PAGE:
Whether remote workers are actually engaged in their jobs depends on how much time they spend out of the office.
The trend of employees working remotely continues to grow and is on the upswing across many industries.
Finding out what workers want most in a job and an organization can help companies improve attraction and recruitment strategies.
What do workers want most in a job and a company? The answer can help companies improve attraction and recruitment strategies.
The more that employees believe the job market is opening up, the less likely they may be to stay in their current jobs.
The U.S. job market is a mixed picture for workers: Some find it bleak, while others are confident and ready to look for new jobs.
Changes affecting organizations are coming relentlessly. They're overlapping and colliding in ways they haven't before.
51% of employees are actively looking for a new job or watching for new job openings.
What do women and millennials want from the workplace? Gallup.com covered these and other hot topics in 2016.
Not every manager has the talent to be great -- but most managers can improve.
Teams with low engagement and poor managers are less productive, less profitable and less likely to be loyal.
Income is important, but women want more out of a job. They'll shop around for a role that best fits them and their lives.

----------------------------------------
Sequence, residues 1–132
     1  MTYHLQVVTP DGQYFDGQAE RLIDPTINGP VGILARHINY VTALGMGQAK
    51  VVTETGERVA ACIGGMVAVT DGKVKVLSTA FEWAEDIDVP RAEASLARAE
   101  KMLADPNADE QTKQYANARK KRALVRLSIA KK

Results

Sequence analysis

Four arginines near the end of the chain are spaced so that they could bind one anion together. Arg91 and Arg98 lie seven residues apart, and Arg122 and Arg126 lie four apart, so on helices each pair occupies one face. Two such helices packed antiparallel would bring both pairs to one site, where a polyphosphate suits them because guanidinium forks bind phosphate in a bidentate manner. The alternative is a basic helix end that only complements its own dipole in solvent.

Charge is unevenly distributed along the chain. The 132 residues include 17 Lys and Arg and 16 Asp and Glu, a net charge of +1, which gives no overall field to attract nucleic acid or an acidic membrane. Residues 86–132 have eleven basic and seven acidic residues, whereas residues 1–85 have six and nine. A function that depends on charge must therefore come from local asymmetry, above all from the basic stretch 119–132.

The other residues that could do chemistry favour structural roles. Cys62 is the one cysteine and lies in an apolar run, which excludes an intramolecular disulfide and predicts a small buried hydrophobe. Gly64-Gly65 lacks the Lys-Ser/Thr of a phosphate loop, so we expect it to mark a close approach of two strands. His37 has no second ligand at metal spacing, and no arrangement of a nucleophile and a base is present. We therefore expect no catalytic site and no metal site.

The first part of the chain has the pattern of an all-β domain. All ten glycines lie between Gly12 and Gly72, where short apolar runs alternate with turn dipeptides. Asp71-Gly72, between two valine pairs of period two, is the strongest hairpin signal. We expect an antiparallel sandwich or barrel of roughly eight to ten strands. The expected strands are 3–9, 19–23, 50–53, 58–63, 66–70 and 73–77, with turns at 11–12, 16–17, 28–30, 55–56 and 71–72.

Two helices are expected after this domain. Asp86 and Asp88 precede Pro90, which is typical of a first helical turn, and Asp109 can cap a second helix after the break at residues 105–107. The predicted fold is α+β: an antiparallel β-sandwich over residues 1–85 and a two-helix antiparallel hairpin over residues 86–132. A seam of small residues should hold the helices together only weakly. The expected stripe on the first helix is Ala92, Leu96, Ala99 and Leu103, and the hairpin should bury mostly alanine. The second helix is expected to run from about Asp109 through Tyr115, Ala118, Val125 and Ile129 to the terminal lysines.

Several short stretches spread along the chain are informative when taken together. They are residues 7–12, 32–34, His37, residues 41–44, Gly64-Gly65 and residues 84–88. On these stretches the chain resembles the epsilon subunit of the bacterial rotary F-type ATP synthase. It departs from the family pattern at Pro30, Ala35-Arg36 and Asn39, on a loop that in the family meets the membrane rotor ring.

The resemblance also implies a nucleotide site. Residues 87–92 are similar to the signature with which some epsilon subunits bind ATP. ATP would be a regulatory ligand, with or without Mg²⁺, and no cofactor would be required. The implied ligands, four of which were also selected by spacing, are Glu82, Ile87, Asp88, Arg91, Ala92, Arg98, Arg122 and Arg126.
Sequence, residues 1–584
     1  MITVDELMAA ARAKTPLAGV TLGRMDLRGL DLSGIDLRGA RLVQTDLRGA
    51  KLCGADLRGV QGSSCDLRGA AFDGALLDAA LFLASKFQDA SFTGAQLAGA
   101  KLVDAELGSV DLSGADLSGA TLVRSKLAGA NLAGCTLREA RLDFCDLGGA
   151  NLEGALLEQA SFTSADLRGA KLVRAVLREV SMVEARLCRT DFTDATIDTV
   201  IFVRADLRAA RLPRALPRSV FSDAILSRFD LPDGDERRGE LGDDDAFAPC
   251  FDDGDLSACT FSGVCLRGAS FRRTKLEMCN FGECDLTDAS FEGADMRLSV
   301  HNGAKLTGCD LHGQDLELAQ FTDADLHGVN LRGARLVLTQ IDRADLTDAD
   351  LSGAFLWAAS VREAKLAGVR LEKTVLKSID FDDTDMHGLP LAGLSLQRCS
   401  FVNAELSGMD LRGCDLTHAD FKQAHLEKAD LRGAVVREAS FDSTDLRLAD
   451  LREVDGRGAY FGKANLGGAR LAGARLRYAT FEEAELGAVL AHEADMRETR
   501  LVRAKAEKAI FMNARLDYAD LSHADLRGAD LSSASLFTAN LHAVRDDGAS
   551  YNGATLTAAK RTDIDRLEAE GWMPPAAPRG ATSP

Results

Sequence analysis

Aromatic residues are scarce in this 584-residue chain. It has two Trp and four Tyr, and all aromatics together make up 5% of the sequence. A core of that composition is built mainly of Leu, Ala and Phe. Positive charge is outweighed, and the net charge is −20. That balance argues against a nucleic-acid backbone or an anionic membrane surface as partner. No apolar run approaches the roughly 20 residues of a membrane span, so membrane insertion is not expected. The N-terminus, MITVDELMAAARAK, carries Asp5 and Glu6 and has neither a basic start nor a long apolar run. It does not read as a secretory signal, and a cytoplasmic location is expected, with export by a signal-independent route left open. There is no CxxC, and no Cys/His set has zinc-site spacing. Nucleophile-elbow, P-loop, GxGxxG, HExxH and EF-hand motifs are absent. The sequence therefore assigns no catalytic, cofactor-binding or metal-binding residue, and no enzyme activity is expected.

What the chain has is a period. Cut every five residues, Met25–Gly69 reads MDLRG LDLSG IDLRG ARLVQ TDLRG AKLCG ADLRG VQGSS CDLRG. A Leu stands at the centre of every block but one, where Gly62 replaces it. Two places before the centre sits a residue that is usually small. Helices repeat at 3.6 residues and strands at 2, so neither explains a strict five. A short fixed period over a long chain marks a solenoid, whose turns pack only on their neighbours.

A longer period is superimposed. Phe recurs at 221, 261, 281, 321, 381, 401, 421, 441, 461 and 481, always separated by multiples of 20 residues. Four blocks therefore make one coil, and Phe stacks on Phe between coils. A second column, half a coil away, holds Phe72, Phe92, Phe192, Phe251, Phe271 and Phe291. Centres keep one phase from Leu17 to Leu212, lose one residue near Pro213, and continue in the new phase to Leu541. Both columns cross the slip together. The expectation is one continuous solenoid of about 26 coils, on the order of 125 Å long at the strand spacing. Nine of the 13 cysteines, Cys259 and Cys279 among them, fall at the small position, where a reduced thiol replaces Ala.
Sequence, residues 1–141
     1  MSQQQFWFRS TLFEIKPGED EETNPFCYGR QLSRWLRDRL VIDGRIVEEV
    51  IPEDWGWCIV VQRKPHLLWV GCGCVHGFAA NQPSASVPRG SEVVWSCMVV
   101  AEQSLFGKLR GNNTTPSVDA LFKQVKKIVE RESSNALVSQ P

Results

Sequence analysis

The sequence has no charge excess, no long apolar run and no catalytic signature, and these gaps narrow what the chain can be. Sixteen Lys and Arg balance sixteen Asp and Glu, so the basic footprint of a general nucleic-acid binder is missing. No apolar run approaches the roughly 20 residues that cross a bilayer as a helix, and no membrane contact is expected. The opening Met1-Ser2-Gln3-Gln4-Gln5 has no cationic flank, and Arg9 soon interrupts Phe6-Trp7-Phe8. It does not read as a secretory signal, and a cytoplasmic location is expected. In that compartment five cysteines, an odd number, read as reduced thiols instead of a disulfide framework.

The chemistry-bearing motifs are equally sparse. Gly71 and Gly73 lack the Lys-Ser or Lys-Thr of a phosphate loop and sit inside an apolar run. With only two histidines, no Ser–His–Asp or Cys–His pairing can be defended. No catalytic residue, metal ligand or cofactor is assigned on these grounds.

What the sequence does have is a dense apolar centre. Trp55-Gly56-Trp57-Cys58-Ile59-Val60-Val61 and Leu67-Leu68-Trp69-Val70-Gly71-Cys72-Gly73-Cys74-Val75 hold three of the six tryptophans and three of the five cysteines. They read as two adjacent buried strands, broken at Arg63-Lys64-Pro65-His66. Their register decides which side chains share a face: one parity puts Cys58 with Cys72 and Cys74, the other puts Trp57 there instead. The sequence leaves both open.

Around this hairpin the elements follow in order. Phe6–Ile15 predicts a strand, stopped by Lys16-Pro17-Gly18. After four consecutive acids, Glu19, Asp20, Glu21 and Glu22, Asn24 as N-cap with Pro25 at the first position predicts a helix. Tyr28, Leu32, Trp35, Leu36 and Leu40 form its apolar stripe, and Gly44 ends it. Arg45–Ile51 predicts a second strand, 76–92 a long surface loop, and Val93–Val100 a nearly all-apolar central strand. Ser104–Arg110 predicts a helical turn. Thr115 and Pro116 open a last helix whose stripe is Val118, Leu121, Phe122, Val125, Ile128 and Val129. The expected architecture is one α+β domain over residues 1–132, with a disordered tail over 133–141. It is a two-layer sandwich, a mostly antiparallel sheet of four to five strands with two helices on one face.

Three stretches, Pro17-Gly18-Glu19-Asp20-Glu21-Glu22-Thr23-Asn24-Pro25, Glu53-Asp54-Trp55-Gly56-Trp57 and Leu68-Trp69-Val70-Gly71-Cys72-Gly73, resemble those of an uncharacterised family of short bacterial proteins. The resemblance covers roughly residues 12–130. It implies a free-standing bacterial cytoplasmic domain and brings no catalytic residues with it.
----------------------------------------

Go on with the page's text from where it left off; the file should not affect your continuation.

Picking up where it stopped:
When it comes to getting the most out of employees' strengths and unlocking their potential, managers play an essential role.
One factor has the greatest influence on women's decision to stay in the workforce or leave: children.
45% of female employees want to become a senior manager or leader
Employees across generations have a shared need for clear expectations in the workplace.
Just 29% of millennials are engaged in their jobs. They'd be more committed if they received job clarity and were held accountable for their performance.
Recognizing good work is a powerful, cost-effective method of improving organizational performance -- yet it is underused.
Millennials desire routine feedback from their supervisors, but they neither request nor receive it.
Gallup's latest meta-analysis on the relationship between team engagement and performance covers more than 82,000 teams globally.